Note: Use of DCI will disable user control of the DDR_CS_N and DDR_CKE
signals.
6 Not supported.
7 Optional: User must install resistors R289 and R290.
Note: This will disable the use of two I/O pins on the expansion connector J5
(pin 38 and 40).
8 Yes, 49.9Ω resistors are installed.
9
a
a. Bank 9 and 10 are non-connected pins in the case of the ML403 board with XC4VFX12-FF668.
Yes, 49.9Ω resistors are installed.
10
a
Not supported.
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2. DDR SDRAM
The board contains 64 MB of DDR SDRAM using two Infineon HYB25D256160BT-7 (or
compatible) chips (U4 and U5). Each chip is 16 bits wide and together form a 32-bit data
bus capable of running up to 266 MHz. All DDR SDRAM signals are terminated through
47Ω resistors to a 1.25V VTT reference voltage. The board is designed for matched length
traces across all DDR control and data signals except clocks and the DDR Loop trace (see
“DDR Clock Signal” and “DDR Loop Signal”).
The board can support up to 256 MB of total DDR SDRAM memory if larger chips are
installed. An extra address pin is present on the board to support up to 1-Gb DDR chips.
DDR Clock Signal
The DDR clock signal is broadcast from the FPGA as a single differential pair that drives
both DDR chips. The delay on the clock trace is designed to match the delay of the other
DDR control and data signals. The DDR clock is also fed back to the FPGA to allow for
clock deskew using Virtex-4 DCMs. The board is designed so that the DDR clock signal
reaches the FPGA clock feedback pin at the same time as it arrives at the DDR chips.
DDR Loop Signal
The DDR loop signal is a trace driven and then received back at the FPGA with a delay
equal to the sum of the trace delays of the clock and DQS signals. This looped trace can be
used in high-speed memory controllers to help compensate for the physical trace delays
between the FPGA and DDR chips.
3. Differential Clock Input And Output With SMA Connectors
High-precision clock signals can be input to the FPGA using differential clock signals
brought in through 50Ω SMA connectors. This allows an external function generator or
other clock source to drive the differential clock inputs that directly feed the global clock
input pins of the FPGA. The FPGA can be configured to present a 100Ω termination
impedance.
A differential clock output from the FPGA is driven out through a second pair of SMA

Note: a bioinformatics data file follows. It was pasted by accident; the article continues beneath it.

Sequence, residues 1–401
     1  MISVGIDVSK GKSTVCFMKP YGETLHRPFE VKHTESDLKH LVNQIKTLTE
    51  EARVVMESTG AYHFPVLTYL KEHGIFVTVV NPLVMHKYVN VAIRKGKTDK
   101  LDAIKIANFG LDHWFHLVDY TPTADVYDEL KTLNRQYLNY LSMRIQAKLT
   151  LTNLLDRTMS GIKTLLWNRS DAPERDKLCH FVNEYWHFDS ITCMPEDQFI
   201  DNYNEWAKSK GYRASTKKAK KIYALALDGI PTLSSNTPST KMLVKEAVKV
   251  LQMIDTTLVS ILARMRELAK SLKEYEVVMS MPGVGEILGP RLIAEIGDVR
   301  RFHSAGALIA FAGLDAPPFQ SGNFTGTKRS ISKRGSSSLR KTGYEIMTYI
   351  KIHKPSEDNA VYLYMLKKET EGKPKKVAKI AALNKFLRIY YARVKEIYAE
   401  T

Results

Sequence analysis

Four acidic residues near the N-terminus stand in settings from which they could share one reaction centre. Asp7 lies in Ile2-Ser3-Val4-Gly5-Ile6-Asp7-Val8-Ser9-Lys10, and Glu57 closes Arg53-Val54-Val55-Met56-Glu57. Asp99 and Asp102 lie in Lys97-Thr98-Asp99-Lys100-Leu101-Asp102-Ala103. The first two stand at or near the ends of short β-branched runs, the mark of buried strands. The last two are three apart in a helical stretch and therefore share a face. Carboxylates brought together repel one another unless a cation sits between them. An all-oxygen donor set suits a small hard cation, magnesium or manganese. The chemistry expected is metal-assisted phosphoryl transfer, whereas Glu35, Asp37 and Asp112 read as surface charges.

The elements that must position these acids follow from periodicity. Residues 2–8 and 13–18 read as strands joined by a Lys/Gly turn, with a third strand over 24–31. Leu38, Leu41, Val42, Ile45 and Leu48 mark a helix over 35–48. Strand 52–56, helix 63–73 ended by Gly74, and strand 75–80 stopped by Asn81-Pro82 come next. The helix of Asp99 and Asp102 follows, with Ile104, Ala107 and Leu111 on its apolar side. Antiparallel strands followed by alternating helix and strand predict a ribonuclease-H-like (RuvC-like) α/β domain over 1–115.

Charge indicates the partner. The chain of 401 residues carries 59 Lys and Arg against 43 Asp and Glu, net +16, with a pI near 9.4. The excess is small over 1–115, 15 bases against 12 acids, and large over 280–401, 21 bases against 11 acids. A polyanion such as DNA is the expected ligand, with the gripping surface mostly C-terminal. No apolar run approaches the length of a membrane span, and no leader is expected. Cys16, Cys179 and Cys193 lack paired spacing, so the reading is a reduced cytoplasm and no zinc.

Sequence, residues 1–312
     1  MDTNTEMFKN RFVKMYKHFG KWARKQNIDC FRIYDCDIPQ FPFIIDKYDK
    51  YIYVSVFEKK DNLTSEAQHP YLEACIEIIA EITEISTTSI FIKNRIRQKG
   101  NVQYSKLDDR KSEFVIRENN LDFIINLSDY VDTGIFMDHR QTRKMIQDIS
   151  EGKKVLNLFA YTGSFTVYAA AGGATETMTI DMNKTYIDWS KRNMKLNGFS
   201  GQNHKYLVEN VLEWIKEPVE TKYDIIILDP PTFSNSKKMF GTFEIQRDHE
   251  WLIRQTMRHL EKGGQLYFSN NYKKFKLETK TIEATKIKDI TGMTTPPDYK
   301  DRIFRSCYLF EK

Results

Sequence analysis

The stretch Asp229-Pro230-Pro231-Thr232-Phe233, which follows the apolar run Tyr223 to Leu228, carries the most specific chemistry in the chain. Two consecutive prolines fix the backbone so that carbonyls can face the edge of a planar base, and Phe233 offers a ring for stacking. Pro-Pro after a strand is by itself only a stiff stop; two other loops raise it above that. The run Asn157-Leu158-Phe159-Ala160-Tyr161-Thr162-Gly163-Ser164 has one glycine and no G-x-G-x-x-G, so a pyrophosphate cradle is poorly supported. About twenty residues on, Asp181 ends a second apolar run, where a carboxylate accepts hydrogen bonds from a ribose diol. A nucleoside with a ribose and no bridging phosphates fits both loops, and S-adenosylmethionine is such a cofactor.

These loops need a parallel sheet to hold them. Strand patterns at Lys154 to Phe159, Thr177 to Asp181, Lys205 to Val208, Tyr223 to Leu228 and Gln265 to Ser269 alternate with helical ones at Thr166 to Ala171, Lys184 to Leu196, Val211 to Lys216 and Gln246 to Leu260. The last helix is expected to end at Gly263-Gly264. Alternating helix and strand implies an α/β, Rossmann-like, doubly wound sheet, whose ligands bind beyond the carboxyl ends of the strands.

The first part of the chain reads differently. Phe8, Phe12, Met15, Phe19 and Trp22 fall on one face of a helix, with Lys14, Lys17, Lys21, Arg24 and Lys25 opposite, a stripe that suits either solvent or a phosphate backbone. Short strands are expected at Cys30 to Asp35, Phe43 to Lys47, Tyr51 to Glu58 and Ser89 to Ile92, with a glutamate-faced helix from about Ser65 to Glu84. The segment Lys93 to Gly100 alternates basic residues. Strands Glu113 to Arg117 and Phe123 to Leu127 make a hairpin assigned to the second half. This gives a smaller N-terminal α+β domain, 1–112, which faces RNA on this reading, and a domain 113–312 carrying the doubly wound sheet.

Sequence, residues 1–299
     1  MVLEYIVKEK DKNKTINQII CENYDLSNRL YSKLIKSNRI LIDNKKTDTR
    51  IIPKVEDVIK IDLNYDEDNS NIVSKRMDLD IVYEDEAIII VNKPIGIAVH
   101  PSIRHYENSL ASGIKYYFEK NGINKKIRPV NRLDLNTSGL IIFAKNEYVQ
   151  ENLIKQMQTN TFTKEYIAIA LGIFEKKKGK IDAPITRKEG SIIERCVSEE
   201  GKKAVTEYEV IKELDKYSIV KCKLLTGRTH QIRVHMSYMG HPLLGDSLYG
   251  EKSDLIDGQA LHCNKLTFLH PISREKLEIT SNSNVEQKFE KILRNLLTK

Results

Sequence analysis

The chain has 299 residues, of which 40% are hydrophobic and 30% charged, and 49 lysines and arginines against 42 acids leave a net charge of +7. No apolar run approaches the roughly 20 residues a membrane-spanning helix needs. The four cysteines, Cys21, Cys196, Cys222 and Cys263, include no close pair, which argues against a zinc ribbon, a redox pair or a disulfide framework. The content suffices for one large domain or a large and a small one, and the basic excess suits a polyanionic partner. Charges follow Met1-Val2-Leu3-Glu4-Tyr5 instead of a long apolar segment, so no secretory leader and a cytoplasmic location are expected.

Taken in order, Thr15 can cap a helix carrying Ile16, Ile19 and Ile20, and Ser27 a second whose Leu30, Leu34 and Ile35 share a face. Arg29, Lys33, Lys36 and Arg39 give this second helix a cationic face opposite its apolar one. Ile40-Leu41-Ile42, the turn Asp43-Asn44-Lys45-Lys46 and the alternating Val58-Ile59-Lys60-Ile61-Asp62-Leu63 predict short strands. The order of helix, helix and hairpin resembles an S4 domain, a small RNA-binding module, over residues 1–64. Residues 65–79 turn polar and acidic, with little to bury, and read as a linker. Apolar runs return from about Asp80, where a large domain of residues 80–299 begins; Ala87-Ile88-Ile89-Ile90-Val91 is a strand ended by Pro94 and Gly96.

connectors. This allows the FPGA to drive a precision clock to an external device such as a
piece of test equipment. Table 3 summarizes the differential SMA clock pin connections.
Table 3: Differential SMA Clock Connections
Label Clock Name FPGA Pin
J10 SMA_DIFF_CLK_IN_N C12
J7 SMA_DIFF_CLK_IN_P C13
J8 SMA_DIFF_CLK_OUT_N D7
J9 SMA_DIFF_CLK_OUT_P D8
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4. Oscillator Sockets
The ML40x evaluation platform has two crystal oscillator sockets, each wired for standard
LVTTL-type oscillators. (A 100-MHz oscillator is pre-installed in the X1 SYSCLK socket.)
These connect to the FPGA clock pins as shown in Table 4. The oscillator sockets accept
half-sized oscillators and are powered by the 3.3V supply.
5. LCD Brightness and Contrast Adjustment
Turning potentiometer R1 adjusts the image contrast of the character LCD.
6. DIP Switches (Active-High)
Eight general purpose (active-High) DIP switches are connected to the user I/O pins of the
FPGA. Table 5 summarizes these connections.
Note: On the ML403 board, these DIP switches are not installed.
Table 4: Oscillator Socket Connections
Label Clock Name FPGA Pin
X1 SYSCLK AE14
X6 USERCLK AD12
Table 5: DIP Switches Connections (SW1)
SW1 FPGA Pin
1 R20
2 R19
3 T26
4 U26
5 U23
6 V23
7 U25
8 U24
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7. User and Error LEDs (Active-High)
There are a total of 11* active-High LEDs directly controllable by the FPGA:
• Four green LEDs are general purpose LEDs arranged in a row
• Five green LEDs are positioned next to the North-East-South-West-Center oriented
push buttons (only the center one is cited in Figure 2, page 12)
• Two* red LEDs are intended to be used for signaling error conditions, such as bus
errors, but can be used for any other purpose
Note: *On the ML403 board, the Error 2 LED is not installed.
Table 6 summarizes the LED definitions and connections.
Note: *On the ML403 board, the Error 2 LED is not installed.
Table 6: User and Error LED Connections
Reference
Designator